If you have ever watched any home improvement show, you know that curb appeal is a big deal. A makeover to the front of your house can make a world of difference and help your home stand out around the neighborhood in a good way. The front door is one of the first things people see when they visit your home. So, learning how to refinish a front door is smart if you’re looking for a quick and affordable home makeover.
It’s actually very easy to refinish a front door. It just takes a few supplies and a little bit of planning ahead!
Here’s what you’ll need:
Supplies you probably have at home:
- An old door – you’ll want to make sure this door is up to code and in good shape, i.e. not rotten, termite ridden, etc.
- All purpose cleaner and sponge
- Painter’s tape
- Hammer and screwdriver – be sure to notice whether a flat head or Phillips head screwdriver is needed for the hinges
- Sawhorses (optional, but helpful!)
- Painter’s tarp
Supplies you’ll need to purchase before beginning:
- Paint – I recommend door and trim paint that doesn’t require sanding or priming. Only a small can is needed.
- Sand paper or electric sander – only if your paint selection requires it
- Small and medium roller paint brush
- Small and medium detail brush – high quality!
- New hinges and fixtures, if desired
Here’s how to refinish a front door, step by step!
Prep is as important as the actual project, so take some time to set up your workstation. Set up two sawhorses or another elevated space that your door can sit on while you work. Cover with a painter’s tarp, if necessary. Gather the rest of your supplies and keep them handy.
Remove any old nails, screws, etc., from the door.
Take the front door off of the door frame. Depending on the age of the door and hardware, you may have to unscrew the hinges completely to get the door off. First, try to remove the pin that holds the door in place. To do this, place the screwdriver upside down under the pin. Then tap it with the hammer to remove the pin and the door will come off.
Otherwise, you’ll have to use the screwdriver to unscrew the hinges from the door and door frame. If you are replacing the hardware completely you can also remove the hinges this way.
Use painters tape to tape off any areas that you don’t want to be painted. For example, glass panes, door handles, the back of the door, etc.
If you’re working with someone, this can be done at the same time as step four.
Wipe down the door using an all purpose cleaner and sponge. This isn’t 100% necessary, but if you live in a dusty place (like the desert) or the door is more than 5-10 years old, there is likely a good amount of dirt and grime on the door that you don’t want trapped under your paint.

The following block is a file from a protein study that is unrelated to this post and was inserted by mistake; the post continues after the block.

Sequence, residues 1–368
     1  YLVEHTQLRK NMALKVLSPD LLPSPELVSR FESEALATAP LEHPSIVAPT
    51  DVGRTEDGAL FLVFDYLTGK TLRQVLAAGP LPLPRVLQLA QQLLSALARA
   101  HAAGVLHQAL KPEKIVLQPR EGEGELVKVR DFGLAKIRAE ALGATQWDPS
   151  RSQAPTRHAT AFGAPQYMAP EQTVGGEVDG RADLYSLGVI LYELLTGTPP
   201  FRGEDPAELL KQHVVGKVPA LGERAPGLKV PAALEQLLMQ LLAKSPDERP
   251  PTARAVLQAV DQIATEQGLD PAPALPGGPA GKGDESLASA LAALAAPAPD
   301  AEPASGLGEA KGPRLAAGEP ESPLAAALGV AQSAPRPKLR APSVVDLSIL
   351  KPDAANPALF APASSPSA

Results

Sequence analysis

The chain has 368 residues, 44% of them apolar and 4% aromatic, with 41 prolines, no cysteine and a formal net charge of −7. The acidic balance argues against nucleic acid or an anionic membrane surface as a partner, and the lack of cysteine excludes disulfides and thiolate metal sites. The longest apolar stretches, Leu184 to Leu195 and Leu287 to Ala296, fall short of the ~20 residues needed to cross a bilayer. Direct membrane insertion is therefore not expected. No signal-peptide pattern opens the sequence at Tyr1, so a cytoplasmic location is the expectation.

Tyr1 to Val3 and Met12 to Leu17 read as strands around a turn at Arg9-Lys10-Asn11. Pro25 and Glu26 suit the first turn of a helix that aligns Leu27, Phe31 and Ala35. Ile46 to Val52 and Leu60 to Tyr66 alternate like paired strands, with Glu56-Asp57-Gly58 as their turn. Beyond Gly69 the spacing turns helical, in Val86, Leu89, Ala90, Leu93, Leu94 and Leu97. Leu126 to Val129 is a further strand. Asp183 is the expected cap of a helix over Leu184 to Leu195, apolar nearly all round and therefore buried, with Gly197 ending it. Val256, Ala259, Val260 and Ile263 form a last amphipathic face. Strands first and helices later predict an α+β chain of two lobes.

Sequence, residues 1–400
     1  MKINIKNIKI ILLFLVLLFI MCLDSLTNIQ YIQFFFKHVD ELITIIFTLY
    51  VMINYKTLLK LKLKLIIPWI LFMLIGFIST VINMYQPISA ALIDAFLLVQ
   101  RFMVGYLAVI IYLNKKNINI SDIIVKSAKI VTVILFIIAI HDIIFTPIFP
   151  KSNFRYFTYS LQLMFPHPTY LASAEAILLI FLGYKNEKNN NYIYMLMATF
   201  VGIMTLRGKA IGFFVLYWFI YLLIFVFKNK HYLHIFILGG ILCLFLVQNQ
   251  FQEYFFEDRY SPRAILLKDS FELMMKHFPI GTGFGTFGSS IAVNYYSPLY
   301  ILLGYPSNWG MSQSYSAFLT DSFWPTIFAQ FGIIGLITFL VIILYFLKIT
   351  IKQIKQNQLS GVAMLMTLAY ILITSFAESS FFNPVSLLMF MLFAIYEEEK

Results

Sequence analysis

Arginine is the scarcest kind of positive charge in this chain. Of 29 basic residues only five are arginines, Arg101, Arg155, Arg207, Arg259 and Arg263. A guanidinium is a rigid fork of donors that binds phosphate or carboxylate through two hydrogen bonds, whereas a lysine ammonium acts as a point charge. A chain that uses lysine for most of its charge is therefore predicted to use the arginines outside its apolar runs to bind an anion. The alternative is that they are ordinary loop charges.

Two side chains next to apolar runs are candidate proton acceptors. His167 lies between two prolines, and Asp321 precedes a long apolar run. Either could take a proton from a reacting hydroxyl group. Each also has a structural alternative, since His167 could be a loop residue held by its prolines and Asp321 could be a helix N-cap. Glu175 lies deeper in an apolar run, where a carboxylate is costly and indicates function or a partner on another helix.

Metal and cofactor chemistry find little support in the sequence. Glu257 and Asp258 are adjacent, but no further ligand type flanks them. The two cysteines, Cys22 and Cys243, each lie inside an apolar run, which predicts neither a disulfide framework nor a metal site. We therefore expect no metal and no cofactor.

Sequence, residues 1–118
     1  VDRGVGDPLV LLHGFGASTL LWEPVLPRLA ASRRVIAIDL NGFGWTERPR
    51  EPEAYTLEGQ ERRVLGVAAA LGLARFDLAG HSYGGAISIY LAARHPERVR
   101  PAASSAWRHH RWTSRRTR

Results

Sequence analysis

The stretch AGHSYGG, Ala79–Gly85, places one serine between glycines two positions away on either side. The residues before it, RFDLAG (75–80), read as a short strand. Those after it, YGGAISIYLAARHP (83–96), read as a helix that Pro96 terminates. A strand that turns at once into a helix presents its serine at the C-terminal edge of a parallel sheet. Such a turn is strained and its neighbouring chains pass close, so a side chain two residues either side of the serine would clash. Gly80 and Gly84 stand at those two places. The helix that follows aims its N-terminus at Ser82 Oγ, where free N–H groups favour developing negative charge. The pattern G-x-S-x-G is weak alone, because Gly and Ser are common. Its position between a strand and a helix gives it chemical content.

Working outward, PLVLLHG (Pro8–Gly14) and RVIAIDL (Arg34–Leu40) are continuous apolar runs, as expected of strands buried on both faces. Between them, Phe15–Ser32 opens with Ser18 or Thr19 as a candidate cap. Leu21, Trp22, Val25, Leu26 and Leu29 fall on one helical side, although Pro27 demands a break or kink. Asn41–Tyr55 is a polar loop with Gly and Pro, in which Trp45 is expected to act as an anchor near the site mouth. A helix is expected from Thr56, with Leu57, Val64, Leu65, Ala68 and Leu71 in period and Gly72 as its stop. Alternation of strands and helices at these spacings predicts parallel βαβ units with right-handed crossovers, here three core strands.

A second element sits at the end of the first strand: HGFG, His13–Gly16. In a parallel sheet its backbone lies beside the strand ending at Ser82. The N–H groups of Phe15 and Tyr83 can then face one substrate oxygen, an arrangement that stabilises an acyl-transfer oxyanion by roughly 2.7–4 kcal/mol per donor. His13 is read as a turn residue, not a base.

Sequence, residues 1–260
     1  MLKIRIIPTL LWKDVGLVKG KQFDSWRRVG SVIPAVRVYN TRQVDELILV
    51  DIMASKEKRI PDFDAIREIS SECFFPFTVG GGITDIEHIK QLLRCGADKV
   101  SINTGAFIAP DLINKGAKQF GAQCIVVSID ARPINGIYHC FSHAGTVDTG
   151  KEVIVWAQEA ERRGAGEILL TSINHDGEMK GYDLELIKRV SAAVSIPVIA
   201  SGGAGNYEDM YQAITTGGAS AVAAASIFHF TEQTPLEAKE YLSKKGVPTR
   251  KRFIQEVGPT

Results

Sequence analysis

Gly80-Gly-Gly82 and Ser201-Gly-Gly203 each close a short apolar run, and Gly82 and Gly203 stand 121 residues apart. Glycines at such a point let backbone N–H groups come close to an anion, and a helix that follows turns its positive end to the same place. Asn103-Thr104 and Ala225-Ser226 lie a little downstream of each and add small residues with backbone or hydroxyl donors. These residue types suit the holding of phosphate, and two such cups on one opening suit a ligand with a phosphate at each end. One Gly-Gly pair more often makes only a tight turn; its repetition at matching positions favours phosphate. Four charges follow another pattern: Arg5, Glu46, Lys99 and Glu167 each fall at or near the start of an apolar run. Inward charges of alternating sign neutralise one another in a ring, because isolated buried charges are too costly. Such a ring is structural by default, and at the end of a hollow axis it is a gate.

Begin painting! A roller brush and regular brush will have different textures, so we found for our door that it was best to use the rollers for all of the areas that we could and then just use the brushes in the smaller areas. Be sure to use a light amount of paint. When we used the rollers, they almost felt too dry, but when you pushed into the door and rolled across the surface, there was easily enough paint on them. It’s better to have too little paint and add more than too much.
Touch up areas that were missed with the roller brush, including areas lined with painter’s tape.
Pro tip for painting around tape:
You always want to dab along the edges of painter’s tape. If you paint over it normally, there will be too much paint, and it will likely seep under the tape and you won’t have crisp lines. If you get paint on any glass parts of your door, use a razor blade to scrape it off once it’s dry.
Once the first coat has tried, repeat steps six and seven.
Allow door to dry completely so that you can touch the paint.
If you’re replacing hardware on the doors, like the handles, lock strikes, etc. replace those once paint is completely dry. Replace hinges as well if you’re using the pin method. Then you’re ready to hang your door. Grab an extra set of hands to help you balance the door while it gets put back on the hinges.
Pro tips for refinishing a front door:
- I recommend door and trim paint that doesn’t require sanding or priming. Be mindful of the other colors on your house when picking a color for your front door. Don’t be afraid to pick a bolder color. You want it to stand out.
- You want high-quality brushes so that the bristles don’t drop and get stuck under the paint.
- Even though you’ve cleaned off the door, do a quick wipe down of an area before painting it in case dust or bugs have gotten onto the door since you cleaned it
- You can repaint the door while it’s still hung, but it may require more attention to detail in smaller areas
- Be sure to not have a heavy amount of paint on your rollers and brushes. The paint used for doors is thick and will drip if you have too much.
- You’ll likely need two coats to fill in any imperfections in your painting technique. But the paint will take a while to dry fully, so be aware before you begin!
- You want to paint on a warm, dry day if at all possible. It will help the paint dry more quickly and evenly. Don’t leave the door in direct sunlight to dry.
- Inspect and replace weather stripping on door, if necessary.
- Start this project early in the day. You’ll want to wait a while after the second coat before you hang the door back up. If the paint is still a bit sticky, it’s probably safe to hang it at that point, but it may still be wet and smudge a bit.
- Old front doors (ours is from 1959) may be really heavy. Find this out before beginning so that you can have an extra set of hands for re-hanging the door.
- Aligning the hinges is the hardest part and you may be holding the door up for a few minutes while someone else drills in the hinges again. This is much easier if you can just put the pin back in the hinges.
Now your home is curb appeal ready!
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